Educators often face the challenge of introducing students to unfamiliar material such as a scholarly article in a journal or a musical practice from a cultural or social system far removed from their own. It is difficult to help students become invested in something that doesn’t make sense or means very little to them, so educators often fall into the habit of saying things like, “This is an important concept because it’s something you need to know; it’s significant in the field you’re studying; it’s something that’s fundamental to a big idea,” — basically, “this is important because it’s important.” But if we want to convince someone of something, we need to know how and why it’s important, not just that it is important. We need to examine how we can bring students through this process of understanding what we may consider ‘important’.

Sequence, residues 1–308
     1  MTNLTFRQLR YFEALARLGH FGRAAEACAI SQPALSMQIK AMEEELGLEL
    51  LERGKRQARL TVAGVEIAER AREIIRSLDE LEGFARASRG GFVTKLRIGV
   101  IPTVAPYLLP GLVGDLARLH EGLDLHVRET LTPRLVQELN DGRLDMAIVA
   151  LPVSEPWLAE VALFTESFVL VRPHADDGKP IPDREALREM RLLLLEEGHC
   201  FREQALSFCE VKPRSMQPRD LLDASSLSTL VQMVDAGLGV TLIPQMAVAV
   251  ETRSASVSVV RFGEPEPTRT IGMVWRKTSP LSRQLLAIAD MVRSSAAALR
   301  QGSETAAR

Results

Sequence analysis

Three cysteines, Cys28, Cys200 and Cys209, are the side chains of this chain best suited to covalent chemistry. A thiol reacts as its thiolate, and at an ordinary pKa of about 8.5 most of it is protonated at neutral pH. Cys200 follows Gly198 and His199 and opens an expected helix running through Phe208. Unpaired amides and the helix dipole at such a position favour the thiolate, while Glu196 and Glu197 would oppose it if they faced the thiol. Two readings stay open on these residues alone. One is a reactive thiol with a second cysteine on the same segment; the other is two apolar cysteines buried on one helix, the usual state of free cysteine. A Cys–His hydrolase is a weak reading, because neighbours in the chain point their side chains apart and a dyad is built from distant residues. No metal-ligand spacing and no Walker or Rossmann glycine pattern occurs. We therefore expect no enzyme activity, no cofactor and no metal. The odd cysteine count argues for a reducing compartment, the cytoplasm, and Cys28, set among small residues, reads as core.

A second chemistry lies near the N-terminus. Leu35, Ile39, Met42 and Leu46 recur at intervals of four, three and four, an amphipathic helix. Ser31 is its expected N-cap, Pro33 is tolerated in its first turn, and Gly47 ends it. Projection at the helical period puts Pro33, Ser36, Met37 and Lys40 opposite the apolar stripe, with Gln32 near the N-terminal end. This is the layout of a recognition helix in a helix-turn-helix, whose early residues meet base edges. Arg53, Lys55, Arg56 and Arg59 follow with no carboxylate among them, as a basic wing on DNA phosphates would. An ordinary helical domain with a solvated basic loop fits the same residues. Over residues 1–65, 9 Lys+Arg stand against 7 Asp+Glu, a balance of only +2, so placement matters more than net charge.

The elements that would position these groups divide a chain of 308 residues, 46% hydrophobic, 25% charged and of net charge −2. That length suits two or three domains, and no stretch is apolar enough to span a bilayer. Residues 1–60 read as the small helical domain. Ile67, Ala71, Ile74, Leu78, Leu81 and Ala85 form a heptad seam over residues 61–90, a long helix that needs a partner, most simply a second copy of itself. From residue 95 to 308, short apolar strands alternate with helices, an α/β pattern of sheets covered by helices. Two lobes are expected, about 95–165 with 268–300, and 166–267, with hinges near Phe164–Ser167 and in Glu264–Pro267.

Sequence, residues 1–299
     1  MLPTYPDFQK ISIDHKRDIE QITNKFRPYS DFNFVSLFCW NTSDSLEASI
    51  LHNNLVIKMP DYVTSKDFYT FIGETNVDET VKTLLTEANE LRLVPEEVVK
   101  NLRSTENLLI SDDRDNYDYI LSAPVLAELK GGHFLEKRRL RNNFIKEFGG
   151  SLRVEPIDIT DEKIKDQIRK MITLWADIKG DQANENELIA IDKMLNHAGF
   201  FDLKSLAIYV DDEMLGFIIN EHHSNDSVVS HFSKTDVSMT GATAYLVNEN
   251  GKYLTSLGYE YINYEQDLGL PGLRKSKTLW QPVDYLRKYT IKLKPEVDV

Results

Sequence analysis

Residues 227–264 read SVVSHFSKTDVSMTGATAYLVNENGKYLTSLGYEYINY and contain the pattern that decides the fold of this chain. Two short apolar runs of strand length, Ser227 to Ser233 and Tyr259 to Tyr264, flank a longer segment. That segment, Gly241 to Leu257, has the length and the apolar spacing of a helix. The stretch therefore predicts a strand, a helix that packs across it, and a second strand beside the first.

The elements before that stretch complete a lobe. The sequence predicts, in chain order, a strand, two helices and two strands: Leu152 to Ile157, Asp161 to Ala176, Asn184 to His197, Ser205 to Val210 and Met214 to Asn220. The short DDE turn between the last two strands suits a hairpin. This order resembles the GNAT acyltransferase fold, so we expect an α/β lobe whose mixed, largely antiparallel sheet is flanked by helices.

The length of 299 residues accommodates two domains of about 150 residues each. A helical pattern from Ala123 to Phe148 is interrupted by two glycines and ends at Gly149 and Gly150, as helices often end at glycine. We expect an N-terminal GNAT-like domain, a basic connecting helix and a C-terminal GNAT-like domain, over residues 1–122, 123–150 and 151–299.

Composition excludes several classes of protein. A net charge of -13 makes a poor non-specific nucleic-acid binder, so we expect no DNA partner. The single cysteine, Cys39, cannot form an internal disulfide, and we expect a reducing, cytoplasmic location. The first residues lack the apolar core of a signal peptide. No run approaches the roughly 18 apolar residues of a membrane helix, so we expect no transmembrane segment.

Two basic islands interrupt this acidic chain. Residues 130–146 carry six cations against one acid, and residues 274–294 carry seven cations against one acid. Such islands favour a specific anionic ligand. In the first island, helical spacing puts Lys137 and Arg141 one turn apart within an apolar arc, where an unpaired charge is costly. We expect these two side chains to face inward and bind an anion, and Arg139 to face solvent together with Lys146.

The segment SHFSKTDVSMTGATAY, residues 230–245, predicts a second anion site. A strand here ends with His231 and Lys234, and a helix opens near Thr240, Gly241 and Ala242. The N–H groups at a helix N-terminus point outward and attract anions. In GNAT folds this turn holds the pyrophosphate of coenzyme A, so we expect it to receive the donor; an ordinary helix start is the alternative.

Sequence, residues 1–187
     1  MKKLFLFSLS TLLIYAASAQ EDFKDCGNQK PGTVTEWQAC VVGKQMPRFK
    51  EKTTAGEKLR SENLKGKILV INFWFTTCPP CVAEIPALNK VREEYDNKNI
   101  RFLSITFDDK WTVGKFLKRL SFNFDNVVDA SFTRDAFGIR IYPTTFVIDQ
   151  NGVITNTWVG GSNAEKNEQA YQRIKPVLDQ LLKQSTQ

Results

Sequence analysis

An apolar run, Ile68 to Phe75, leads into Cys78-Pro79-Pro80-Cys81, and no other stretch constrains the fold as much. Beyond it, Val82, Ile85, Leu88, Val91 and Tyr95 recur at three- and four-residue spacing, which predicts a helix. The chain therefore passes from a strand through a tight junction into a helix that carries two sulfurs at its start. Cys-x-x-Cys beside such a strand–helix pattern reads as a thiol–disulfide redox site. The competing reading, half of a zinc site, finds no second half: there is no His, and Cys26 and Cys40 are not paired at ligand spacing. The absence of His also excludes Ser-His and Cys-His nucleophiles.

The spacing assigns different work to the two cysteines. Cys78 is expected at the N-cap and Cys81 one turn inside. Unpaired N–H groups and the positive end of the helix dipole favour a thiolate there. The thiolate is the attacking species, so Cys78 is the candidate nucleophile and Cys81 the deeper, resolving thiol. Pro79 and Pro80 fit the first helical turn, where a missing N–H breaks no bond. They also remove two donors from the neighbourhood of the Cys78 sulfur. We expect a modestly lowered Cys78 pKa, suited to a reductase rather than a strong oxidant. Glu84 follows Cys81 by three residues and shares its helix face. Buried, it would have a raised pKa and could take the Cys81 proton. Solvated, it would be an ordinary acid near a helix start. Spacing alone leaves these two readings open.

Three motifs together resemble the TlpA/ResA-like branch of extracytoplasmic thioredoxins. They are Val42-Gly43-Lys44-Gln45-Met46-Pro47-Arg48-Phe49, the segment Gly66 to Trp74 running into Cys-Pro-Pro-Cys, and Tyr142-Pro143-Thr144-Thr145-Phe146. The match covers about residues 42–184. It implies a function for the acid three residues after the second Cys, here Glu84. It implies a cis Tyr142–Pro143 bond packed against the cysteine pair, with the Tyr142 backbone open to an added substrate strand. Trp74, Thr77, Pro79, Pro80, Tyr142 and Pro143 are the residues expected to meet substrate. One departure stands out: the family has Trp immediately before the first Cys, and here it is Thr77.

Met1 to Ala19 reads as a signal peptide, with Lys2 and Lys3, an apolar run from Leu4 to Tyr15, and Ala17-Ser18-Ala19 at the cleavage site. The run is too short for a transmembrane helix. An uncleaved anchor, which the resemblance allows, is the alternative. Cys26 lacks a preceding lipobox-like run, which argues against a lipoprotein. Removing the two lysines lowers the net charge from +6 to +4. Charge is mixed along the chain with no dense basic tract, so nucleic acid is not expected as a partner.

As an ethnomusicologist who both lectures at the university level, and teaches primary and secondary students, I take great interest in seeing the different perspectives students bring to a topic. This is compounded with my own research interests, which lead me to read a great deal of material which often seems abstract and impenetrable. I often ask myself what value a complex article in a journal can have to a student studying music at an IB level, or to an undergraduate whose dissertation I’m supervising. Within academia, it is not difficult to feel like life happens in — to borrow a phrase often used in the media these days — an ivory tower.Continue reading “The ‘relevance’ question, and how to address it in the classroom”